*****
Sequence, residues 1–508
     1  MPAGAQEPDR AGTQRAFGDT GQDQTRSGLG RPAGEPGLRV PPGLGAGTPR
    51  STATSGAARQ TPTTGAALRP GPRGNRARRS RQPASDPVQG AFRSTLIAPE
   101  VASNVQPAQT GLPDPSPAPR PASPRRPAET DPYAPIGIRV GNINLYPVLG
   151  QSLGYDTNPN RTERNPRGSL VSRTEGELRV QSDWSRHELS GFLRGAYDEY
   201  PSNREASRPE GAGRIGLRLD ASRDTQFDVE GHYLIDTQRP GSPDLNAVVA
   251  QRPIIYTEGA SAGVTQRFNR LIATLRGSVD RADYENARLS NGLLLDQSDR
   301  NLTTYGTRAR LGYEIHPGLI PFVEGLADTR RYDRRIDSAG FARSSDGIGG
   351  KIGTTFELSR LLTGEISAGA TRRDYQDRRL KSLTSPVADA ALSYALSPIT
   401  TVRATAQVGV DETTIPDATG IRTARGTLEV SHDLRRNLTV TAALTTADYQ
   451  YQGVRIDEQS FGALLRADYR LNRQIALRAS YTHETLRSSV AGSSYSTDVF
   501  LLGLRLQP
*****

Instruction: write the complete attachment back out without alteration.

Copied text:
Sequence, residues 1–508
     1  MPAGAQEPDR AGTQRAFGDT GQDQTRSGLG RPAGEPGLRV PPGLGAGTPR
    51  STATSGAARQ TPTTGAALRP GPRGNRARRS RQPASDPVQG AFRSTLIAPE
   101  VASNVQPAQT GLPDPSPAPR PASPRRPAET DPYAPIGIRV GNINLYPVLG
   151  QSLGYDTNPN RTERNPRGSL VSRTEGELRV QSDWSRHELS GFLRGAYDEY
   201  PSNREASRPE GAGRIGLRLD ASRDTQFDVE GHYLIDTQRP GSPDLNAVVA
   251  QRPIIYTEGA SAGVTQRFNR LIATLRGSVD RADYENARLS NGLLLDQSDR
   301  NLTTYGTRAR LGYEIHPGLI PFVEGLADTR RYDRRIDSAG FARSSDGIGG
   351  KIGTTFELSR LLTGEISAGA TRRDYQDRRL KSLTSPVADA ALSYALSPIT
   401  TVRATAQVGV DETTIPDATG IRTARGTLEV SHDLRRNLTV TAALTTADYQ
   451  YQGVRIDEQS FGALLRADYR LNRQIALRAS YTHETLRSSV AGSSYSTDVF
   501  LLGLRLQP